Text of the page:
Chasing a world speed record is a seriously ballsy endeavor, but the activity becomes that much more dicey when a land speed record is attempted on sand. One brave rider—45-year-old Zef Eisenberg—recently set a new sand world speed record of just over 200 miles per hour on a modified, super-charged motorcycle less than two years after suffering a bone-shattering 230 mile per hour crash.

The record was recently set at a natural strip along a beach known as Pendine Sands in South Wales. Eisenberg explained how racing on a natural track along a beach means you never know what the sand will look like when you get there in the morning—depending on what the tide may have dragged in and how it affected the surface of the beach. At times the waves will leave the sand rippled and at other times the swells will create a smooth, more ideal surface. Eisenberg also says he’s seen everything from giant jellyfish to unexploded ordinance washed up on the beach, neither of which you want to collide with at 200 miles per hour.

Eisenberg's Kawasaki-colored

Pushing a motorcycle to near 200 mile per hour speeds invites a lot of potential problems, and these issues are greatly exacerbated when riding on sand. Eisenberg says paddle tires don’t work, and getting up to hair-raising speeds can’t be achieved through the traditional drag racing methods such as turbo charging an engine as the forced induction system will leave the rear-wheel spinning in the sand sans traction. Slowing down is another area that is markedly different from normal riding. Eisenberg says you “never touch the front brake” and that many riders remove it entirely to avoid the reactionary impulse of grabbing the level when things go awry. Essentially you just lay off the throttle and wait for the bike to slow to a stop.

Racing on sand presents another major issue and that is crashing. Unlike riding on a paved surface, when you go down on sand, you don’t slide. Like, at all. This, for obvious reasons, presents a serious danger to riders. When Eisenberg goes on speed runs, he straps into an elaborate harness system connected to the bike.

An anatomy of Eisenberg's 'Turbine Street Fighter

Eisenberg first started riding at the age of 16 on a 50cc Yamaha before working his way up to an unspecified Gixxer. The stunt scene was big at the time and Eisenberg ended up gravitating towards stunting. In 2011 he took a turbine bike project to go do a speed trial and right out of the gate he was hooked. Since then he’s gone on to set multiple world speed records on some seriously bonkers machinery.

Eisenberg has spent the better part of a decade developing his turbine bike—a purpose-built two-wheeler powered by a Rolls Royce C20W jet turbine engine that produces 560 brake horsepower and more than 1,000ft-lbs of torque at the rear wheel. The same engine is reportedly used to power six-passenger helicopters. There’s no direct drive on the bike and it instead uses a shaft turbine from a helicopter.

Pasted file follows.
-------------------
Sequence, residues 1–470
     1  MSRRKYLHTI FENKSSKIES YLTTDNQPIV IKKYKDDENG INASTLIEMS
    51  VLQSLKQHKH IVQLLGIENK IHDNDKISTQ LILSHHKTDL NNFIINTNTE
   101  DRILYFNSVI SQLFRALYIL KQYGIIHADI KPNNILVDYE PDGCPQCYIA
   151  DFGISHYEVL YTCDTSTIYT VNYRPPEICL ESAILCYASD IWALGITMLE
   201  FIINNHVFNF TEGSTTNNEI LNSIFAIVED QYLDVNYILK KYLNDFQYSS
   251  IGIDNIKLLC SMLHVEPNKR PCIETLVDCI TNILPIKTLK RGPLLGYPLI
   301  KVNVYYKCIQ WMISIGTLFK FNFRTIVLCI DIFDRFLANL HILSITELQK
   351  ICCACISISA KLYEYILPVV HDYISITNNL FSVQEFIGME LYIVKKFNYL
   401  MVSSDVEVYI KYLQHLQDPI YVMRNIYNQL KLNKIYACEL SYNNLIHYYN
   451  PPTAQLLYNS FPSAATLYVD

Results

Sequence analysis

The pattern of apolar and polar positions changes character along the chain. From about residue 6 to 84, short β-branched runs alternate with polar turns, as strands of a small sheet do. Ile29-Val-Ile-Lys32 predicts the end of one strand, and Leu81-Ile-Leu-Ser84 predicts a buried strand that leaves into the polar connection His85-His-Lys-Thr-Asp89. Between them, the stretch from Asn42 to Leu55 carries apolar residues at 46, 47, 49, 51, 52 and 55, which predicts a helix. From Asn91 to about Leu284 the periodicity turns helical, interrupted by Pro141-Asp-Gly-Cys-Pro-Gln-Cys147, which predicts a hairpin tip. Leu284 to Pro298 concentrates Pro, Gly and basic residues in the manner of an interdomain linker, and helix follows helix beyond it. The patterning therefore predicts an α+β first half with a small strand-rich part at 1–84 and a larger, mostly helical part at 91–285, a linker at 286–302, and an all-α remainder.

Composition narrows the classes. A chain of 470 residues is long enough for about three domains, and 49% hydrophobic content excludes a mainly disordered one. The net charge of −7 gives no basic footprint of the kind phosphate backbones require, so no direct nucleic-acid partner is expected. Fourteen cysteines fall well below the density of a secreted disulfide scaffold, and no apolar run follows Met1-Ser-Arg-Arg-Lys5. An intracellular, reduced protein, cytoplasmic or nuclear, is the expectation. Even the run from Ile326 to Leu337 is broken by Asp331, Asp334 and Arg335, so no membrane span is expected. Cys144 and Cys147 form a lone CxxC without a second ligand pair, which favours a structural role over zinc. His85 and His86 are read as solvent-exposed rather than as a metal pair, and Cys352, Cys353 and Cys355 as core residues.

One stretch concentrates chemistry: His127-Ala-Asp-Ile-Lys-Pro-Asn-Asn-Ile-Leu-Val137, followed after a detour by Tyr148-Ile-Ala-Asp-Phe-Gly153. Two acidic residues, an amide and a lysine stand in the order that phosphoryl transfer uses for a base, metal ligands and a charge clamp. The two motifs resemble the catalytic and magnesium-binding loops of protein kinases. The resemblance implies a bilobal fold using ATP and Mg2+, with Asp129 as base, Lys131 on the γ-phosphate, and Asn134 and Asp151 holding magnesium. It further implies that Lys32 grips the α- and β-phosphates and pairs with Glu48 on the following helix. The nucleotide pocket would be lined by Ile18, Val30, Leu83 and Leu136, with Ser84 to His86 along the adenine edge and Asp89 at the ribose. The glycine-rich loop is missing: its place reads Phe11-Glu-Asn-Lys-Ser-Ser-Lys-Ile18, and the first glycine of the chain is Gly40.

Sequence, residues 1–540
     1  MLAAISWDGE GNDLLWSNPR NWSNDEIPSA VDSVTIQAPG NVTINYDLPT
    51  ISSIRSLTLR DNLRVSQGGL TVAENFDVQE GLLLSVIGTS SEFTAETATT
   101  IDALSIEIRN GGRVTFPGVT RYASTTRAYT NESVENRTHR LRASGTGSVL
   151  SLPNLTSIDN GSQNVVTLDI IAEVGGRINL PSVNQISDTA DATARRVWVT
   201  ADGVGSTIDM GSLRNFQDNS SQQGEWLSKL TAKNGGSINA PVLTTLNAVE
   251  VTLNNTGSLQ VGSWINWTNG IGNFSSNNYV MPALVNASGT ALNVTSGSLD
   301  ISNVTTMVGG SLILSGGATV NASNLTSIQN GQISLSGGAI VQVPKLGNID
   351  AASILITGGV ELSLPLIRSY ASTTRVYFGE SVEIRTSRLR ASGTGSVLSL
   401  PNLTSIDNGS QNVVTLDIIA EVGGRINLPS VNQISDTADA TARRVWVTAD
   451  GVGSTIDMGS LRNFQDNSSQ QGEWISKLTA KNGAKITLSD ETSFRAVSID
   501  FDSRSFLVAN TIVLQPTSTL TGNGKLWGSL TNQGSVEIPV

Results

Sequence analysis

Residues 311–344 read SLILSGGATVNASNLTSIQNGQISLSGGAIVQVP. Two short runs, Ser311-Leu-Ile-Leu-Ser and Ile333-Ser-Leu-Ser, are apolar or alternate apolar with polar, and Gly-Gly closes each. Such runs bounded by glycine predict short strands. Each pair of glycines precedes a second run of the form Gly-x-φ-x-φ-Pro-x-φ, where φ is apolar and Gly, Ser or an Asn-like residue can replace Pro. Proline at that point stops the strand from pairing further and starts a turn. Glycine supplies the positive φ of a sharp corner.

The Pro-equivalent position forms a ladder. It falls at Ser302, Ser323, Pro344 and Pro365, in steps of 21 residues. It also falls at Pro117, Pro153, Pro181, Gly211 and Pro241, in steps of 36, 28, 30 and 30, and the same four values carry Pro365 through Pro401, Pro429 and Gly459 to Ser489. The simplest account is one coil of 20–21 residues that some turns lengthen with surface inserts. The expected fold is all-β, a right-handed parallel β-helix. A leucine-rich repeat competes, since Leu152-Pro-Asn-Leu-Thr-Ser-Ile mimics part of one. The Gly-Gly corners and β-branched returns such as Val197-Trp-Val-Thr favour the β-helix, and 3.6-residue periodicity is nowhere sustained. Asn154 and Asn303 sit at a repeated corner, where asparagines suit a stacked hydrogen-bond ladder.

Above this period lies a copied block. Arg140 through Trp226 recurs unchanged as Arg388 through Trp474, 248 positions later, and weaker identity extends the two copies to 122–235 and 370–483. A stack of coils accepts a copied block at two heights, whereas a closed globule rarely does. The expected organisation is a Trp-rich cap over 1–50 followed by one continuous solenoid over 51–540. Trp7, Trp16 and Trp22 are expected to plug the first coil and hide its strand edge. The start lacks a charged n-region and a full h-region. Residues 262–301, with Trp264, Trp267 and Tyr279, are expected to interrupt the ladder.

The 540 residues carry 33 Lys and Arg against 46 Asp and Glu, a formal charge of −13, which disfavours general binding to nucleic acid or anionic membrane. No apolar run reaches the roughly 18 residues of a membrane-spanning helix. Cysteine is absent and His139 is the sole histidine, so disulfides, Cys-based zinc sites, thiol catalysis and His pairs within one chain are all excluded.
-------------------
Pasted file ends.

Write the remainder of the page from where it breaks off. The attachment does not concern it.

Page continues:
“So you’ve got a turbine which effectively goes through a gearbox and turns the blades. So, in the crudest possible way, imagine chopping the blades off, and putting a sprocket on it and then mount that in a bike on its side. We’ve got a sprocket mounted on the turbine going to the rear wheel sprocket like a conventional motorbike. Then we’ve modified to use a conventional throttle from a bike. There’s a little bit more to it than that but that’s it in the crudest form,” explains Eisenberg in a 2017 interview with MCN.

One major problem with running the turbine engine is that there is a significantly pronounced lag. Eisenberg compares it to a massive turbo charger, explaining that it takes as long as several seconds for the power to come on, a factor that reportedly played a major role in his violent 2016 crash. The turbine makes so much oomph that even when the throttle is cut off it still produces power for a few seconds, meaning you’re, for better or for worse, just sort of along for the ride.

Eisenberg riding his turbine street fighter on the sand

Eisenberg’s Sunday, May 13, 2018, 201.5 mile per hour record-setting speed on Pendine Sands, New South Wales was set on his 350 horsepower, super-charged Suzuki Hayabusa dubbed “The Green Meanie”. He was also the previous record holder for riding on sand at a speed of 184 miles per hour. The recent display of speed makes Eisenberg the fastest person ever on Pendine Sands, as well as the fastest motorcycle rider on sand on the planet, period.

"After the intense commitment to my physical and mental recovery, gym work, and “physio”, this incredible 201.5mph sand record is the icing on the cake for me," says Eisenberg. "It was history in the making. For over 100 years people have been trying to reach 200mph at Pendine Sands - even the great gods of speed, Sir Malcolm Campbell, Parry Thomas—all have tried and failed—until today."

Source: BBC News

Photos courtesy of Mad Max Racing

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